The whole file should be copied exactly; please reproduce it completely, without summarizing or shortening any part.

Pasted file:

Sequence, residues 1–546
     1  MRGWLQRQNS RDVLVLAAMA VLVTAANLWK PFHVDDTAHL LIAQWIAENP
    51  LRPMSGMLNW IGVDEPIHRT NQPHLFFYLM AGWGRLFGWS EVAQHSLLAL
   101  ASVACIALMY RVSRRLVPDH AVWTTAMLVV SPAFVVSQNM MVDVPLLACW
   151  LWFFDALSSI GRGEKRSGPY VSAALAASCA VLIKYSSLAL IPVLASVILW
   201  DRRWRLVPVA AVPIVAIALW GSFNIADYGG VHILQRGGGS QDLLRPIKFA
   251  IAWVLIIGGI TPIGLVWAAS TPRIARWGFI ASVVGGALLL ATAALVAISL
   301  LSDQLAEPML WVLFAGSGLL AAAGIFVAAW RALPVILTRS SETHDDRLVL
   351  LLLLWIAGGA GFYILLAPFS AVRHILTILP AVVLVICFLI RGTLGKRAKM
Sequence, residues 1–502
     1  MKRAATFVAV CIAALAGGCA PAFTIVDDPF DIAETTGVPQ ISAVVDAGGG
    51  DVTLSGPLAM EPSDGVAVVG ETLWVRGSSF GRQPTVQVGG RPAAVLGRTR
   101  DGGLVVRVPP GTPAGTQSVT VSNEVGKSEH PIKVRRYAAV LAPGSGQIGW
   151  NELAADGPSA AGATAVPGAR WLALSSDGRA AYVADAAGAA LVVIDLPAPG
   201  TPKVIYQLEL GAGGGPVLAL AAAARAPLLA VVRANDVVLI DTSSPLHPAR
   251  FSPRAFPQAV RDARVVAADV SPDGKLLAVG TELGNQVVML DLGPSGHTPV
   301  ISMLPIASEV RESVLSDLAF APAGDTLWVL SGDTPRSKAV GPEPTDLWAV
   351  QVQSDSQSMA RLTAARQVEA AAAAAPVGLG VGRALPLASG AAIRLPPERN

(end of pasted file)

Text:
Sequence, residues 1–546
     1  MRGWLQRQNS RDVLVLAAMA VLVTAANLWK PFHVDDTAHL LIAQWIAENP
    51  LRPMSGMLNW IGVDEPIHRT NQPHLFFYLM AGWGRLFGWS EVAQHSLLAL
   101  ASVACIALMY RVSRRLVPDH AVWTTAMLVV SPAFVVSQNM MVDVPLLACW
   151  LWFFDALSSI GRGEKRSGPY VSAALAASCA VLIKYSSLAL IPVLASVILW
   201  DRRWRLVPVA AVPIVAIALW GSFNIADYGG VHILQRGGGS QDLLRPIKFA
   251  IAWVLIIGGI TPIGLVWAAS TPRIARWGFI ASVVGGALLL ATAALVAISL
   301  LSDQLAEPML WVLFAGSGLL AAAGIFVAAW RALPVILTRS SETHDDRLVL
   351  LLLLWIAGGA GFYILLAPFS AVRHILTILP AVVLVICFLI RGTLGKRAKM
Sequence, residues 1–502
     1  MKRAATFVAV CIAALAGGCA PAFTIVDDPF DIAETTGVPQ ISAVVDAGGG
    51  DVTLSGPLAM EPSDGVAVVG ETLWVRGSSF GRQPTVQVGG RPAAVLGRTR
   101  DGGLVVRVPP GTPAGTQSVT VSNEVGKSEH PIKVRRYAAV LAPGSGQIGW
   151  NELAADGPSA AGATAVPGAR WLALSSDGRA AYVADAAGAA LVVIDLPAPG
   201  TPKVIYQLEL GAGGGPVLAL AAAARAPLLA VVRANDVVLI DTSSPLHPAR
   251  FSPRAFPQAV RDARVVAADV SPDGKLLAVG TELGNQVVML DLGPSGHTPV
   301  ISMLPIASEV RESVLSDLAF APAGDTLWVL SGDTPRSKAV GPEPTDLWAV
   351  QVQSDSQSMA RLTAARQVEA AAAAAPVGLG VGRALPLASG AAIRLPPERN